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A FEW FACTS ABOUT GRAINS, ETC.

As you do your research on edible foods, wild and planted, you will find that a large amount came from Pennsylvania Germans, who brought them from their home lands in Europe from as early as the 1500ís.

There is a large variety of preferred seeds that have made their way from gardens of the east to the growing beds of the west and everywhere in between, thanks to our early explorers.

Traders, merchants and just common people moving to new homes in the unknown territories have carried their seeds, dropped on the way by accident or gardens started, and then minds and locations for a home are changed.

Letís take a look at some of the types and varieties of grains, vegetables, spices and herbs that found their way across North America in the westward expansion.

Field Seeds

Buckwheat: Lewis & Clark mention buckwheat cakes, as do other colonists in our early history, not sure of how long it has been in N. America, or if the Pa. Germans brought it over, like so many other seeds.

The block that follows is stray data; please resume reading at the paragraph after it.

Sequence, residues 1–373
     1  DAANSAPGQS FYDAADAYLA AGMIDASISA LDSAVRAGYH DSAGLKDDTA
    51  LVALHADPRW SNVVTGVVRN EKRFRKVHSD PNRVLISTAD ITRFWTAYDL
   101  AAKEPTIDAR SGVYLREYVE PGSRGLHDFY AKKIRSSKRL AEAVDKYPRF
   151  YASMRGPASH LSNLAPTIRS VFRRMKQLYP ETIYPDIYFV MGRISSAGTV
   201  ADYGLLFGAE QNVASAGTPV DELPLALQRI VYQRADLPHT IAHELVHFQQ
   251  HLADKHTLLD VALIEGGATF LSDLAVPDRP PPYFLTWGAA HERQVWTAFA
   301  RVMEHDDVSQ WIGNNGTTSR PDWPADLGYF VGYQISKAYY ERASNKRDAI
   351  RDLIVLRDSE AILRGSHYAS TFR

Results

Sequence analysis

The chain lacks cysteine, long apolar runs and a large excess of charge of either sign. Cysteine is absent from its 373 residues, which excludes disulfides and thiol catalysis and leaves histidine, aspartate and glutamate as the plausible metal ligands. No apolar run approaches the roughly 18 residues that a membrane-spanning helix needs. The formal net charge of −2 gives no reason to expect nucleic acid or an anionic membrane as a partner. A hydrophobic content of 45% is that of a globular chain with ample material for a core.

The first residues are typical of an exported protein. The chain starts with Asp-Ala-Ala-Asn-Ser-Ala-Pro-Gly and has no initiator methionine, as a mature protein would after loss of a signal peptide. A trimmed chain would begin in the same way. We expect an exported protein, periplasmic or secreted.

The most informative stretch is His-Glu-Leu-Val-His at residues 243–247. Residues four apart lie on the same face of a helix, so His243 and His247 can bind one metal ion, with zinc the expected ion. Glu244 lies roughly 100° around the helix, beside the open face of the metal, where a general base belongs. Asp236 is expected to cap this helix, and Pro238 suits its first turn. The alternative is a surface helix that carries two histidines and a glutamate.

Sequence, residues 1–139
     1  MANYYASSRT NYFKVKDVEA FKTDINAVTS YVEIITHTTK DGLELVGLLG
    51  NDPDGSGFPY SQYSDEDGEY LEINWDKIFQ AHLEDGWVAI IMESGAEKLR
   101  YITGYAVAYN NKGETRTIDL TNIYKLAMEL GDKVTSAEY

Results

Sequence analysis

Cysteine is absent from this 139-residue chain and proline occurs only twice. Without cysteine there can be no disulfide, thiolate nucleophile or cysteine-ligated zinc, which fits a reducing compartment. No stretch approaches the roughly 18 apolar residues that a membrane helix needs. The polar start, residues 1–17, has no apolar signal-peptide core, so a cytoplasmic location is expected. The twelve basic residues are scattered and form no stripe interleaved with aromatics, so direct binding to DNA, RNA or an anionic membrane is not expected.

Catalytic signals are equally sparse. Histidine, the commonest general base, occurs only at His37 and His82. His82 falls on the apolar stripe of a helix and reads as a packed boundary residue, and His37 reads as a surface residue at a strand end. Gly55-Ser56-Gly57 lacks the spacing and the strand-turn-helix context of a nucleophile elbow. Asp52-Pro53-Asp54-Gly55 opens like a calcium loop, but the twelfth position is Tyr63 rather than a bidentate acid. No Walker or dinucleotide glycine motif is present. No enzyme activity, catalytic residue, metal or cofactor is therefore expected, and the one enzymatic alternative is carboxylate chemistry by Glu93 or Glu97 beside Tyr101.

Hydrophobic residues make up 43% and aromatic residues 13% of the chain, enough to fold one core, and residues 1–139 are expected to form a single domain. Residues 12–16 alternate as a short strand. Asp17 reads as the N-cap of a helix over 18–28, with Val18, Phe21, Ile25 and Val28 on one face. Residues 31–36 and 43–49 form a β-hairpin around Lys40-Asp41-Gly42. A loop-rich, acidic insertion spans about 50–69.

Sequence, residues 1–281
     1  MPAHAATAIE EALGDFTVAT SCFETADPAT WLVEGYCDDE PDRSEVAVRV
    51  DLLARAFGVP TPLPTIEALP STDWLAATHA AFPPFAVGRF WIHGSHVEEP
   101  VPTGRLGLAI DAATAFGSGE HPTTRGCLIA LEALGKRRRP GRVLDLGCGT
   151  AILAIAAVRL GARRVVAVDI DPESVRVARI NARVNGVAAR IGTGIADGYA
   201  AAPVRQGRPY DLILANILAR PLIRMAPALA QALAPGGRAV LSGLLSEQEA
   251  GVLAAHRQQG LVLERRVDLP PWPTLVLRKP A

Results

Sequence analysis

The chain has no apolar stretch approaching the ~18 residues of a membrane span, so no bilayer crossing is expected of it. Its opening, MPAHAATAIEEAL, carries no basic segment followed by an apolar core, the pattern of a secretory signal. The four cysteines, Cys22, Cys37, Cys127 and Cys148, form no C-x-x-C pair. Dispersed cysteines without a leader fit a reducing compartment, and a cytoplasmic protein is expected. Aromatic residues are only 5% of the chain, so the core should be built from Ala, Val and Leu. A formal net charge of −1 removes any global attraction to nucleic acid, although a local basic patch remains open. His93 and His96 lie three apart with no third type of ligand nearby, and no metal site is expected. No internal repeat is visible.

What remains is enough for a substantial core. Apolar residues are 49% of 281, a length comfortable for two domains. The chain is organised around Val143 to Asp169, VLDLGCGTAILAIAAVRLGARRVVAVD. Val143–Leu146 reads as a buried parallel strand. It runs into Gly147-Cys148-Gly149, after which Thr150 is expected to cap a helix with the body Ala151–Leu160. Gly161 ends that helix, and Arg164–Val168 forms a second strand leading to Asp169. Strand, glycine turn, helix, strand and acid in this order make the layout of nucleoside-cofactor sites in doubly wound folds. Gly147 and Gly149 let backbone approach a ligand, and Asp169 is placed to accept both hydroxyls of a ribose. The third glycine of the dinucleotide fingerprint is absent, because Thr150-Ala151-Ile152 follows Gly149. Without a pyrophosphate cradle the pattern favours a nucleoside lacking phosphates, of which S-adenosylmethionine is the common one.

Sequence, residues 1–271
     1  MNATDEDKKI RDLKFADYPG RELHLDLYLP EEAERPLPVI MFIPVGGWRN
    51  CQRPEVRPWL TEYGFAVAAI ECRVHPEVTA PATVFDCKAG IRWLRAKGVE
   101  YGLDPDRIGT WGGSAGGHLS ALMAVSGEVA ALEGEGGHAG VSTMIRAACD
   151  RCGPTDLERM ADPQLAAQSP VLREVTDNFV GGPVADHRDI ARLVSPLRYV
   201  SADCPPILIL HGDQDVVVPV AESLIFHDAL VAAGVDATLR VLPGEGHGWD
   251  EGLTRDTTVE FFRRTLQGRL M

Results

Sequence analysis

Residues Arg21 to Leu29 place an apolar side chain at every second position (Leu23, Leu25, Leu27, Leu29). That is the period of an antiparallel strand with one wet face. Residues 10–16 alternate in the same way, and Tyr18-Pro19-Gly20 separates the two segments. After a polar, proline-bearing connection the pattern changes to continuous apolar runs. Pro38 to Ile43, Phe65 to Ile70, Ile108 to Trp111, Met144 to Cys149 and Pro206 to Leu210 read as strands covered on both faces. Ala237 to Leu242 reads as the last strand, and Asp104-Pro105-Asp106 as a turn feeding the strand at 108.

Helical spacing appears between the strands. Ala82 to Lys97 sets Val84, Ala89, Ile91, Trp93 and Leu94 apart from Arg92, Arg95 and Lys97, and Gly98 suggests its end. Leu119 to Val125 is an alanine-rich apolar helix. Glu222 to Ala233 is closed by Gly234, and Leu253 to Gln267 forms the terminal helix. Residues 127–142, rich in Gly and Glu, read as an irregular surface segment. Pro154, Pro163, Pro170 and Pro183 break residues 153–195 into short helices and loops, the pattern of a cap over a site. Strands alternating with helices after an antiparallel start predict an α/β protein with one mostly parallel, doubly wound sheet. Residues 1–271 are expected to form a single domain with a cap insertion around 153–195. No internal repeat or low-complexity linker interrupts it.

Flax: Has been grown in the colonies as early as 1560ís, used for linen cloth and a number of other cloths by products. Ariane Flax seed is available today.

Rye: This is a good ground cover crop used by Pa. Germans for hundreds of years in this country. Flour is still available in stores today, good for period baking.

Spelt: A form of wheat with a little difference in texture was originally from Europe but found its way to the colonies when settled. Spelt Mills were popular during the 1800ís in producing flour. You will probably not be able to find seed that is suitable for human usage.

Gourds: In colonial America, old Mexico and parts of Europe, gourds have been used for a number of storage vessels. They have been cooked, fried, boiled or any other way you can think of to be prepared to be eaten. Dipper and large bottle gourds are as old as anything we can find today.

Kale: A good green that will fill in for cabbage or cauliflower in ones diet. Russian or Rugged Jack are good choices that will fit a period menu.

Leeks: A member of the onion family, used as a vegetable and will be correct for an early 1830ís meal. We like the Swiss Coloma Leeks for a green with meat.

Peas: A native to Europe they came over with our friends the Pa. Germans during the migration to the colonies in the 1700ís. The closest to the original would be the Risser Early Sugar Pea.

Pumpkin: Native to the Americas, there are six types listed but no longer available with only a close relation still around, the Fortna White Pumpkin.